|Easy (SI1) or very easy (SI2) for a professional to see inclusions under 10X magnification, might be visible to the naked eye.
|I1, I2, I3 – Included
|Inclusions are visible to the naked eye face up.
Diamond cut is the human contribution to a diamond’s beauty, brilliance and fire. The execution of this C can affect a stone’s clarity, color and carat weight. A well-cut loose diamond will allow light to enter the stone, reflect off of the internal facets and through the top, creating the brilliance and fire only a diamond can achieve. Diamonds can be cut to virtually any shape and size. Some popular forms include oval diamonds, marquise, pear, heart, emerald, princess, radiant and the most popular, the round brilliant.
A diamond is divided into three sections:
The Crown –The upper section of the diamond
The Girdle – The rim separating the crown (top) from the pavilion (bottom)
The Pavilion – The lower section of the diamond
A round brilliant diamond has between 57 and 58 facets (depending on whether the bottom most facet was polished) divided into 7 different parts. On the crown/. is a large octagonal table surrounded by 8 triangular star facets; 8 kite bezel planes and 16 triangular upper girdle surfaces, arranged in pairs that circle the crown’s perimeter. A culet on the pavilion connects 8 elongated, kite-shaped pavilion mains to the girdles’ edge. Separating the pavilion mains are 16 elongated, triangular lower girdle facets arranged in pairs.
Facets are divided as follows:
A Table – 1
B Bezel – 8
C Star – 8
D Upper girdle – 16
E Pavilion Main – 8
F Lower Girdle – 16
G Culet – 1
Diamond Proportions – Today’s designs are the result of hundreds of years of experience. In 1919 a Russian mathematician by the name of Marcel Tolkowsky calculated the proportions of the facets in a round diamond that would bring an ideal balance between brilliance and dispersion.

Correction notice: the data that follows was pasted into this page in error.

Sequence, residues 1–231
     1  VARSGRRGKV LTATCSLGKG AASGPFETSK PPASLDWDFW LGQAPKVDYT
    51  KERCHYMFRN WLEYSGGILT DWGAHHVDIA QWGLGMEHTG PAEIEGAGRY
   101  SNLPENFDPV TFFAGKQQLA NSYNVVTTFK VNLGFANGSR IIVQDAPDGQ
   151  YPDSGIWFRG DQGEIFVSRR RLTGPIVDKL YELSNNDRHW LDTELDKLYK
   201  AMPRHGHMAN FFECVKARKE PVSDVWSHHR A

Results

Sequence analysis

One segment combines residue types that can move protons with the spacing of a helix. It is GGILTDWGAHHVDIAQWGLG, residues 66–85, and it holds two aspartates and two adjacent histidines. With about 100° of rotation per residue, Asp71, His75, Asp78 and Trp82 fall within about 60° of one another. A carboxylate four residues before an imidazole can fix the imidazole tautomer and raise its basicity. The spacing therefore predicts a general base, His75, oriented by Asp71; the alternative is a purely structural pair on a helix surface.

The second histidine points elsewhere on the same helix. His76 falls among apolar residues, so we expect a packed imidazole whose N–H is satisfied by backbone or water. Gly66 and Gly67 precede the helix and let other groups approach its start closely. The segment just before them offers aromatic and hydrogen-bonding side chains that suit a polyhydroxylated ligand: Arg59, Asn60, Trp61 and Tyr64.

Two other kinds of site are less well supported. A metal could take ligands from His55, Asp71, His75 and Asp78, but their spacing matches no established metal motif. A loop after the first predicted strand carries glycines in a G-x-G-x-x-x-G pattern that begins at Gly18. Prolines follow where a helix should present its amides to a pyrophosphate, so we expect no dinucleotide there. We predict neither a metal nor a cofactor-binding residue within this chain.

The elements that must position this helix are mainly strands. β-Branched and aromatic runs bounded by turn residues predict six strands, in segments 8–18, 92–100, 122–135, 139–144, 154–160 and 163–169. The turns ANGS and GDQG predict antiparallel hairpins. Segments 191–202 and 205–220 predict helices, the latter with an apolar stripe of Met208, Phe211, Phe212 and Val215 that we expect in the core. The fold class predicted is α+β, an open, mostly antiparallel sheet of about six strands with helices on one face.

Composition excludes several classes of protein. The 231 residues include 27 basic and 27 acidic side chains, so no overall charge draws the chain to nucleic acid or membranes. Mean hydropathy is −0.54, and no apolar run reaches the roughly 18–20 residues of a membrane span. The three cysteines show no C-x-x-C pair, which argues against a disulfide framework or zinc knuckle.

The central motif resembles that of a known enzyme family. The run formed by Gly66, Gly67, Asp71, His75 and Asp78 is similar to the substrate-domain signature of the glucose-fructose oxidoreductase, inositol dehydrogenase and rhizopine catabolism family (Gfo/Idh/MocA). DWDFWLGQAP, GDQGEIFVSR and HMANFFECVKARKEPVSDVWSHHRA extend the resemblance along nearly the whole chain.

When cutting a diamond, cutters have to choose between optimizing weight and potential profits, or optimizing beauty. Many cutters sacrifice splendor instead of size. These choices are condoned because of stores that have been keeping customers in the dark and pushing carat rather than beautiful proportions. Most consumers have yet to understand that two diamonds with the exact same weight, color and clarity can be purchased up to 40% cheaper if the cut is subpar. This trade secret allows some jewelers to buy very poor makes and sell them in turn at prices reserved only for wonderfully cut stones.
Every diamond lab has small variations of what a beautifully cut diamond’s proportions should be. Leading gemology labs agree on the following proportions:
|The percentage of the table relative to girdle diameter
|The angle between the bezel facets and the girdle
|Thin – Slightly thick
|Assessing girdle thickness is done by eye; it ranges from extremely thin to extremely thick.
|The height of the diamond expressed as a percentage of girdle diameter